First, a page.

Reviewed by Harriet
Stef Penney is not a prolific author – there were five years between each of her first three novels, and it’s been seven years since the publication of her last, Under a Pole Star [reviewed here]. I’ve read and enormously enjoyed all three of them, and was excited to see whether The Beasts of Paris would measure up. Spoiler – it most certainly does.
The novel starts in September 1870. France is at war with the Prussians, who have advanced on Paris and surrounded the city, which is determined to defend itself. In preparation for the siege, soldiers have been recruited, barricades have been built, grain has been stockpiled, and the city’s parks are filled with cows and sheep. But as the winter draws in, supplies dwindle and soon people are reduced to eating domestic animals and even rats. And, of course, some of the beasts that are kept in the menagerie in the Jardin des Plantes. The people are enduring terrible suffering, and when the siege ends in January 1871, disgruntled working-class radicals rise up to form a revolutionary socialist government, the Paris Commune. However, its far-thinking, anti-religious ideas have no time to be put into practice, as the commune is finally and violently suppressed during a week in May that came to be known as la semaine sanglante – the bloody week.
Against this background to this extraordinary, powerful novel, three young people struggle with their own demons as they seek ways to escape the constraints of their society. Anne Petitjean, born to a French mother and a Haitian father, has been confined to the Salpêtrière Asylum after escaping the abuse of her mother’s lover. Lawrence Harper has found work as a photographer’s assistant after leaving his native Canada for reasons partly related to his own sexuality, which is tolerated – or at least not illegal – in France. And American Ellis Butterfield, a qualified doctor and the nephew of the American Ambassador, is ambitious to become a poet: he has served as a doctor in the American Civil War and has been shockingly traumatised by what he witnessed and participated in there. The narrative swings between these three, initially as they pursue their separate lives and then, as circumstances and desires change and manifest, in relation to each other.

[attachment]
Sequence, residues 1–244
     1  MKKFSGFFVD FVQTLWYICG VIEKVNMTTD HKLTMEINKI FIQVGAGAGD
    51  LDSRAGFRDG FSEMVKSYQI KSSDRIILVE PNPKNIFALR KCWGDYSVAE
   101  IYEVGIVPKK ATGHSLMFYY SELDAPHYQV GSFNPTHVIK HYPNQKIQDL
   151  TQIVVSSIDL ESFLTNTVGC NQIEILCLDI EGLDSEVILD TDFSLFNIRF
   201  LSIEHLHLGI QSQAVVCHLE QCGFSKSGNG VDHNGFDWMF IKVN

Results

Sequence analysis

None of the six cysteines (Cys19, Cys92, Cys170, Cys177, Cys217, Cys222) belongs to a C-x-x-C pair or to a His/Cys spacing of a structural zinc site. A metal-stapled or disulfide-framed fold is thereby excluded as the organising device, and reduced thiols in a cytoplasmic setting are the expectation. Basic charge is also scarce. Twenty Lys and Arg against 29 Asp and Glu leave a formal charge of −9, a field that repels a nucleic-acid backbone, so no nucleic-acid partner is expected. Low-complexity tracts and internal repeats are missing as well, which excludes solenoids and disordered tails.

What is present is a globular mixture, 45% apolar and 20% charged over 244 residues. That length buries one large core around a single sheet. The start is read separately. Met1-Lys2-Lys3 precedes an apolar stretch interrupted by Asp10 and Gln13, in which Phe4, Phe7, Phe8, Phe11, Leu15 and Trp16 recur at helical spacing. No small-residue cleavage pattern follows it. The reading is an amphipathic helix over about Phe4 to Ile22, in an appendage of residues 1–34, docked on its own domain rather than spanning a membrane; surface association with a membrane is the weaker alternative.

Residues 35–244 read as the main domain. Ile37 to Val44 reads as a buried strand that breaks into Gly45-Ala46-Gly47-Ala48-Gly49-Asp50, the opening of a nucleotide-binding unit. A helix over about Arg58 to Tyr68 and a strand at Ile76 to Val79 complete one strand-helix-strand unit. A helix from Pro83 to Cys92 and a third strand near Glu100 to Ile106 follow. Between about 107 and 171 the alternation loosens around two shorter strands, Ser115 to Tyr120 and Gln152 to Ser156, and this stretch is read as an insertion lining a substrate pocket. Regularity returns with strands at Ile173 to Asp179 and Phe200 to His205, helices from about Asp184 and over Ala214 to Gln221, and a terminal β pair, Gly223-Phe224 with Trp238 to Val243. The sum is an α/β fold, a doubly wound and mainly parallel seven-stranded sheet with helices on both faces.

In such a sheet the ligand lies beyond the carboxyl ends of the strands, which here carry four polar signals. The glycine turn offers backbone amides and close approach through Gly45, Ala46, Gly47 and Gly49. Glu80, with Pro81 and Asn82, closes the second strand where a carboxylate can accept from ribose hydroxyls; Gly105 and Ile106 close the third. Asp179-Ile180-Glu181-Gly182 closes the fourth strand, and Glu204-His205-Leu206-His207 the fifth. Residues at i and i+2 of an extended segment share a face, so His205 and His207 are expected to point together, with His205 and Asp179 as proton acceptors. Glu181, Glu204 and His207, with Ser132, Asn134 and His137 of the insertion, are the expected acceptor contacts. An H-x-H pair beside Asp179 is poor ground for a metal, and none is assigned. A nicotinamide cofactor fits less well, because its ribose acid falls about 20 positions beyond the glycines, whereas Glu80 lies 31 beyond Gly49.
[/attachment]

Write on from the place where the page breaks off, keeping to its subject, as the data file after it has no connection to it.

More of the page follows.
Although the title of the novel has a wider scope, the animals in the menagerie form a sort of nexus for many of the events that take place. Anne is powerfully drawn to Marguerite, the beautiful tigress, meets Lawrence on her secret nightly visits to the menagerie, and finds congenial employment as a housekeeper to M. Papin, the kindly aging veterinarian who is in charge of the animals. Like the characters, the beasts themselves are displaced: both are imprisoned in worlds that look on them as strange and other. As the siege progresses, some of the animals are sacrificed for food, and those that remain play a part in some tragic events during the final week of the commune.
Although the novel’s main focus is on the three central characters, many other lives are changed by the events around them. Beautiful Fanny has left her work as a nude model in the Lamy family’s photography studio to get married, but is forced to return to work for the Lamys as a maid when her husband joins the army. Later she herself will be wielding a gun among many other women at the barricades. Vincent, a young zookeeper, finds himself in charge of the menagerie and has to put himself in grave danger to save the lives of the beasts that remain in his charge. And a successful high-class butcher, who continues to thrive during the siege by offering exotic meats like ostrich, camel, giraffe and elephant, has his grand shop on the Champs Elysées burned to the ground during the bloody week that ends the commune. Indeed, the destruction of Paris itself during that week is extraordinary, and the violent, vengeful destruction of human life almost too painful to read about.
Historical fiction is a challenging genre – it has to be done really well or it becomes banal and unconvincing. Penney has handled the history superbly, weaving some real people and many true events into a fictional narrative to create a whole which is never less than completely satisfying, gripping, and often very moving. I’m not ashamed to tell you that I cried a bit towards the end, but without giving too much away, we leave the main protagonists all moving towards lives in which they can be happy and fulfilled. There’s something here for everybody: race, gender, and sexuality are all treated with sensitivity. And did I say there’s a love story too, one which manages to flourish despite the unlikely circumstances that surround it.
All in all a brilliant book, one which demonstrates the persistence of the human spirit in the face of unthinkable challenges. I won’t forget it in a hurry.
Harriet is a co-founder and one of the editors of Shiny New Books.
Stef Penney, The Beasts of Paris (Quercus, 2023). 978-1529421552, 496pp., hardback.
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